Kerala’s COVID infection prevalence is consistently high while the rest of the country has shown a declining trend. As of August 19, the test positivity rate (TPR – the ratio of positives to total persons tested) shows a rising trend at 16.15 with 21,116 new cases. The TPR was 15.5 and 15.48, respectively, on August 18 and 17.
Malappuram district has the highest TPR of 20.25. The R-value recorded in the state stands at 0.94, according to Dr Aneesh, a member of the expert committee on COVID. Reproduction or reproductive number, known as the R-value of COVID, has become a closely followed measurement across the world and in India.
It is a scientific concept: the average number of new infections generated by one infected individual during the entire infectious period. One infected person is able to spread the SARS-CoV-2 infection to over 200 persons, but the R factor is the real number of how many people are being infected from one affected person.
For example, India’s R-value, according to the health ministry data published in the first week of August, was 1.2. This means 100 infected people in India are infecting around 120 people. The value is dynamic. It reflects changes every week.
Despite a high rate of test positivity, experts are not overly worried. “The rate of hospitalisation is steadily coming down. In April, 100 out of 1,000 people who tested positive were hospitalised. Now it is only 25,” says Dr Aneesh, who is also associate professor at Thiruvananthapuram Medical College.
As of August 19, 1.84 crore people – 51. 97 per cent of Kerala’s total population – has received at least one dose. “We identify one out of six cases. The national average is one in 30,” says Dr Aneesh.
However, a post-Onam surge is expected, which would again make things worse in the state. “We have reasons to worry. If the number of daily cases rises again to 40-50,000, we will again be in a crisis,” says Dr Aneesh. The vaccination drive will not be impacted by the Onam holidays, as announced by the chief minister.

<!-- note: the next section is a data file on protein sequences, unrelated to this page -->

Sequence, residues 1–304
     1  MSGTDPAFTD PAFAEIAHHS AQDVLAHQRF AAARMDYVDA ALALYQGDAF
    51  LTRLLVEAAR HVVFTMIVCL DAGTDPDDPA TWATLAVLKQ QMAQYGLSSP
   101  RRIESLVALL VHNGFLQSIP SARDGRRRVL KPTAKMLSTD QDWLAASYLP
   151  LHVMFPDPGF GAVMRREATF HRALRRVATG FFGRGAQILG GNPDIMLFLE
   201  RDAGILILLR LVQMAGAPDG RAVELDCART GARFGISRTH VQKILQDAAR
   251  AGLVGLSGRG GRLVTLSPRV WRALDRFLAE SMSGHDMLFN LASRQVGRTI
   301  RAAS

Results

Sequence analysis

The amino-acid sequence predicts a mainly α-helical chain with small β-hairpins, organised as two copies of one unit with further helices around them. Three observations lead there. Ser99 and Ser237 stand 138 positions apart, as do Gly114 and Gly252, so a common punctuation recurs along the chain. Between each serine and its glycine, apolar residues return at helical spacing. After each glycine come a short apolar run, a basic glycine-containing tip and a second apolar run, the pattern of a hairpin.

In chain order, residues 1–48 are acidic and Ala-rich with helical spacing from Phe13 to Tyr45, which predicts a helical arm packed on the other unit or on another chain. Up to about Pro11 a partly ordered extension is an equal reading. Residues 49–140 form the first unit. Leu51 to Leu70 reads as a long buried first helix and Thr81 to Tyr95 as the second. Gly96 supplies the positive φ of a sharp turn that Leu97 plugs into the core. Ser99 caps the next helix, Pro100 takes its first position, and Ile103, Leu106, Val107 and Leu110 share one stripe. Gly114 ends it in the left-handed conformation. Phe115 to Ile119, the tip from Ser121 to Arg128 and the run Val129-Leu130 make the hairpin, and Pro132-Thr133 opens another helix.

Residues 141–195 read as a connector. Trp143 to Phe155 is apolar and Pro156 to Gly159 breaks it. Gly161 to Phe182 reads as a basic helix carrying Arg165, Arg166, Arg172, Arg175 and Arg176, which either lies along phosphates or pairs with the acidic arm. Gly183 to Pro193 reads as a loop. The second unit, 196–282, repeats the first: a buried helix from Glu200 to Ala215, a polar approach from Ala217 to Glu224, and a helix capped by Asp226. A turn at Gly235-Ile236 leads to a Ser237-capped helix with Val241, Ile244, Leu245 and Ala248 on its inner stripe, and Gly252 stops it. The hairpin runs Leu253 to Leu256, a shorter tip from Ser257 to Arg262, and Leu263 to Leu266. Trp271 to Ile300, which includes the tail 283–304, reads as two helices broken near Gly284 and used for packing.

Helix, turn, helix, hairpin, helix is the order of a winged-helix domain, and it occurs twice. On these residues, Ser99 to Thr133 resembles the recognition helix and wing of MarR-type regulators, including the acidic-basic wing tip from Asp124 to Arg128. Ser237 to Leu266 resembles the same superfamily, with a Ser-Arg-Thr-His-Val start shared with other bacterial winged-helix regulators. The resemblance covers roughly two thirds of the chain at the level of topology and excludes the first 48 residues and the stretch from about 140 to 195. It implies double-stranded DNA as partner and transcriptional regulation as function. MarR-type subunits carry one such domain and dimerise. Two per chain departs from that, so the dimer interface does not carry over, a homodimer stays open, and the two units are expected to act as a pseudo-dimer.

The number of tests has fallen compared to the previous two weeks. “This is one reason for TPR going high. We have been conducting nearly two lakh tests a day. This has come down in the last few days,” says Dr Padmanabha Shenoy. According to him, this is an indication that Kerala should not slacken in conducting tests. “We have to enhance testing, especially after Onam.”
Kerala celebrates Onam on August 21. Onam is not a single-day celebration; it’s a seasonal festival that begins nine days prior to the day of Thiruvonam. As the lockdown rules are relaxed and shops are open, streets across the state are crowded. Though lockdowns are announced based on the IPR (Infection Population Ratio) in local bodies on an everyday basis by the respective district collectors, a strict implementation is relatively absent.
Experts say there is nothing unusual about Malappuram district having the largest number of cases. “There are many factors. Malappuram has the highest population in the state. The unvaccinated population is also high there compared to other districts because the population of younger people is high,” says Dr KP Aravindan.
According to Dr Shimna Azees, a native of Malappuram who works at the COVID ward in Manchery Medical College, the structure of families is also different in Malappuram. “Compared to other districts, a large number of people live in joint families, a factor that makes the infection travel faster and wider,” says Dr Shimna.
According to the District Collector, Wayanad district has achieved 100 per cent vaccination for the targeted adult population. As of August 16, 6,16,112 people have been given the first dose. The collector says this does not include those who refused to take vaccination, those who tested positive and those who are in quarantine. However, the test positivity rate does not show a declining trend. The TPR stood at 20.35 on August 19. A week ago, on August 13, the TPR was recorded at 16.49 for Wayanad.
According to state Health Minister Veena George, Kerala is being prepared to handle the third wave. “New paediatric wards with oxygen supply are being set up in 48 hospitals. This will be completed in three months. An additional number of 744 beds will be ready by October,” says George.